Daily Archives: November 18, 2008

Randy-Can men create believable women characters?

      She fueled a debate over women characters.   But the men around her had created women characters as well; and they felt their characters were well rounded.   She, obviously very articulate and smart, expressed her view that men couldn’t write about women; the men maintained that they could.   They had tried to avoid stereotypes; she campaigned for women’s literature, which excluded men.   Some of the men had lived through the women’s liberation movement; this woman sounded as if she were coming from that persuasion.   Or was she?   Did her argument have merit?   And then she nailed her argument by taking a stand and went as far as saying she didn’t forgive writers who portrayed women one-dimensionally and unfairly.   And it seemed as if she were pointing a finger at all of the men, all male writers and their ilk.   It wasn’t pretty when she said she would give a writer one chance only, too bad, and wouldn’t read that author again.

      Women are, in fact, hard for men to understand.   And given that fact (join the “men-are-from-Mars-and-women-are-from-Venus debate if you like), she may have been onto something.   A sensitive writer, for the sake of the argument, does his (yes, his) sensitive best to dig inside and out and from that creates a woman character; the work of this author I think, if he is good, should be respected for what it is.   It may be an imperfect work, as all pieces of literature are.   But our young woman, who expressed her view that men couldn’t write about women, still may decide not to read another piece by any author for whatever reason or reasons.   She has that right.

      None of us can be fair; we all have our biases.   She could, however, be forgiving; and the author, if he (yes, he) is good, is surely forgivable.   “Women can’t write about men”: imagine one of the men saying that.   “Men are on Mars, ” and that is that.   Argumentatively, women will always win (now I’m in trouble); women have that over men.   It’s inbred, or so we’re told.   For decades now, with the realization that women are superior to men in certain areas including sensitiveness, we have to assume women can write about men.   But if they fail, I think men would forgive them.   And don’t let them (women) say men are not sensitive enough to feel irritated by an underdeveloped character of either gender; that at the end of the day men don’t appreciate genius and his or her ilk.   What do you think?

      Randy Ford

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The Society of Southwestern Authors-Books found at the Fair

      SIREN’S SONG Book III of the SOFAR TRILOGY by John R. Gentile is the last book of the SOFAR TRILOGY.   In it the characters of BLUE PLANETS and OFFworlder are brought together again. Cooper Ridley arrives back on earth with a warning: “Trochinids are coming…and they’re hungry.   Along with Azrnoth-zin, Mara-jul and the Displaced Allen Workforce, Ridley must convince the nations of Earth to unite against the Swarm.   Not to be denied again, Richard Jenks and the Phoenix Project are determined to obtain the alien technology they failed to acquire two years ago in the crater.   Old friends Dutch, Darcy and Teresa join forces on the ocean floor in a desperate attempt to find a weakness in the alien physiology.   As hope fades for Earth, Ridley and his group place all bets on a strange phenomenon in the SOFAR Channel.”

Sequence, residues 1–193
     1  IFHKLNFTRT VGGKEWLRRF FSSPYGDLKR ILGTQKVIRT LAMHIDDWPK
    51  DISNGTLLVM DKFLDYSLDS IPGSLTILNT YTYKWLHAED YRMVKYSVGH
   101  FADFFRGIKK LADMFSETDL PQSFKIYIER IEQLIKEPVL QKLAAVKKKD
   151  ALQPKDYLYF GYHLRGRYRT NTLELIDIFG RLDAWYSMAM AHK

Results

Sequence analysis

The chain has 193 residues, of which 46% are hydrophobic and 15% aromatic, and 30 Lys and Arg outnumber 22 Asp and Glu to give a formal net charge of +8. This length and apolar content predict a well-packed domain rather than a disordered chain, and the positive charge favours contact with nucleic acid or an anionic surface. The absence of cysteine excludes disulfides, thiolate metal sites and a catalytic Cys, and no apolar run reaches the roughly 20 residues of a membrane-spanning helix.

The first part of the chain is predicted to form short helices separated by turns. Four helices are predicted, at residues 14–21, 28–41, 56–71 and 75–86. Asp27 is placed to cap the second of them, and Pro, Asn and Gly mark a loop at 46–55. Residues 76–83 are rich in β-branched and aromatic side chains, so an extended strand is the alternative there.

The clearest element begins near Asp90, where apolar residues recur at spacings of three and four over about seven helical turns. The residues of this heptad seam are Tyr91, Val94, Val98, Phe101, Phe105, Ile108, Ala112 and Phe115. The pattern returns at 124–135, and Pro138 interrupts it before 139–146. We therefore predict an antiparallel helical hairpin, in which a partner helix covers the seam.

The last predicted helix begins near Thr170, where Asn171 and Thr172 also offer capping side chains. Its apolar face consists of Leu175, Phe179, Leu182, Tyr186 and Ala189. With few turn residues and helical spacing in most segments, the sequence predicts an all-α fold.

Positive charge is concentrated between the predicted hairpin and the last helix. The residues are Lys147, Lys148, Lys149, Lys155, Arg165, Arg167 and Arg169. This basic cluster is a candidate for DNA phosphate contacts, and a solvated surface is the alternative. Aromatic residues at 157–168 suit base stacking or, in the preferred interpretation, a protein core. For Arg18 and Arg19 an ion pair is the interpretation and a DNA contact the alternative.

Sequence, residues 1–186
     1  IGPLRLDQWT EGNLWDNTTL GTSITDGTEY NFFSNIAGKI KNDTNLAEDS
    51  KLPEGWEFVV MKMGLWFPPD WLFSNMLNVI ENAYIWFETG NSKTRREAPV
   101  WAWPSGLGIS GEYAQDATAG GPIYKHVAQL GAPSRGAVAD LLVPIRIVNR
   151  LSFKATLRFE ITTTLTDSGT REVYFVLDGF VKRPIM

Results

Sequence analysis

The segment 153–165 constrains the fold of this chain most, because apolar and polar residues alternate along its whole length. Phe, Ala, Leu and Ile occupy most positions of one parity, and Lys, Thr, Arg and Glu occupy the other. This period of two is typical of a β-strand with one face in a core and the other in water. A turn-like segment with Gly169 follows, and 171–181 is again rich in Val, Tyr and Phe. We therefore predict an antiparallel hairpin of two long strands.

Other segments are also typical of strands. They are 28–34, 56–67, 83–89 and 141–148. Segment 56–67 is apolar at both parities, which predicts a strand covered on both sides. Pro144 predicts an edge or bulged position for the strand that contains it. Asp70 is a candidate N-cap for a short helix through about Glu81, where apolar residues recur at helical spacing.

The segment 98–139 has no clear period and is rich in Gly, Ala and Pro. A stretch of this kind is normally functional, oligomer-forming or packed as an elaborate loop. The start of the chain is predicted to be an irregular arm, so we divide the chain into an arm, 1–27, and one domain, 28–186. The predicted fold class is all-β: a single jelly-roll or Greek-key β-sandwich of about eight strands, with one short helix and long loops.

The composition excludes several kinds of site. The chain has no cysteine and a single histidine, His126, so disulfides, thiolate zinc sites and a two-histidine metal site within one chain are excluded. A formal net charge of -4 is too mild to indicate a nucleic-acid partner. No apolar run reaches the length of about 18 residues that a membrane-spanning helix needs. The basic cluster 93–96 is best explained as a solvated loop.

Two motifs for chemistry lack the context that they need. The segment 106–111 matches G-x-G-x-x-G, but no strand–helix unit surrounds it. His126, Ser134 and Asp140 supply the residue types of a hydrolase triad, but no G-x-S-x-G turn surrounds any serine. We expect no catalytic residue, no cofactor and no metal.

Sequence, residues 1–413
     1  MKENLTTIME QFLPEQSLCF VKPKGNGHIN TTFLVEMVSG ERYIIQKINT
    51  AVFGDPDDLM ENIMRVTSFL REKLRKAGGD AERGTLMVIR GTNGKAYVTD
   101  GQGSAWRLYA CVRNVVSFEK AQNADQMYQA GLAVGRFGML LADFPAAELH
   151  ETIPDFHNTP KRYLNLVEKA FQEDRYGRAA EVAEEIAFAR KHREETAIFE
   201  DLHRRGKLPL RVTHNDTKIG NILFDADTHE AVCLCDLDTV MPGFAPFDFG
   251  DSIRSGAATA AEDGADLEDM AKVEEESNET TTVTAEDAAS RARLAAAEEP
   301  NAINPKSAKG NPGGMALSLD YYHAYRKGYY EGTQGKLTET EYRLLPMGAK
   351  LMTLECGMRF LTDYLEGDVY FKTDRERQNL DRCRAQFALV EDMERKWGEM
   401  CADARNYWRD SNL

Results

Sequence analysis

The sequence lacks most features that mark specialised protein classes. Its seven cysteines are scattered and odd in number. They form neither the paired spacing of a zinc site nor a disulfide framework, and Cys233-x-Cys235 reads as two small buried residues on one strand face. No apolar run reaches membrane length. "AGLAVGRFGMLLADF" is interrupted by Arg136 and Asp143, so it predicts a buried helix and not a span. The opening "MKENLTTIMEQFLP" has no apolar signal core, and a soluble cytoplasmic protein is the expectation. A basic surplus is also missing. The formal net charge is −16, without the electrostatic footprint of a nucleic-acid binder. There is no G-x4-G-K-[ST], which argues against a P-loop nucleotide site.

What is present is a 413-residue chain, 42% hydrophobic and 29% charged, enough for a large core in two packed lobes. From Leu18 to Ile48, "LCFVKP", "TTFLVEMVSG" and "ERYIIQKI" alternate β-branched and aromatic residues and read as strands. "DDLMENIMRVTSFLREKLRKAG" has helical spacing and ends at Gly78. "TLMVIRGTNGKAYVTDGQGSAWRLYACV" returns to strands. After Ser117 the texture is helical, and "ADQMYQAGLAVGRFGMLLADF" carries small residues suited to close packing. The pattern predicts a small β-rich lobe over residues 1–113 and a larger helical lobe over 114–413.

Read an excerpt from SIREN’S SONG at www.johngentile.com.   Now available from AuthorHouse. www.authorhouse.com 888-280-7715   Order this title through you local bookseller or preferred on-line retailer 978-1-4343-0537 (Softcover) 978-1-4343-0536-7 (Hardcover)

      BARROWED TIME (ISBN 978-1-932695-52-6) by S. M. Ballard

      “In the days before they became legends, John Henry “Doc” Holliday, a Georgia dentist turned gambler whose constant companion is the specter of early death, and Wyatt Earp, a rough hewn frontier lawman saddled with a taciturn nature and an iron clad sense of justice, forge an unlikely alliance to hunt down the brutal killers of a young Dodge City woman.

      “During the course of a cross country manhunt to stop the murderers before they can strike again, Holliday and Earp form the basis of a friendship that will last, literally, until death.”

      HOLLIDAY IN TOMBSTONE (ISBN 978-1-932695-69-4) Part two of S.M. Ballard’s DOC HOLLIDAY TRILOGY.

      “John Henry “Doc” Holliday, Georgia gentleman, dentist turned gambler, a consumptive whose days are numbered, follows his friend, Wyatt Earp to the boomtown of Tombstone, Arizona Territory. From the moment Holiday sits foot on the dusty Tombstone streets, his path as a lawman is set.   Time and again he risks life and safety for his friends and for justice, taking on the likes of Curly Bill Brocious and Johnny Ringo, leaders of a gang of ruffians known collectively as ‘the Cowboys.’

      BORROWED TIME and HOLLIDAY IN TOMBSTONE are Sundowners Western Selections.   Sundowners is a division of Treble Hear Books. Sierra Vista, Az..   Available at TrebleHeartBooks.com, SMBallard.com and through your favorite book store.

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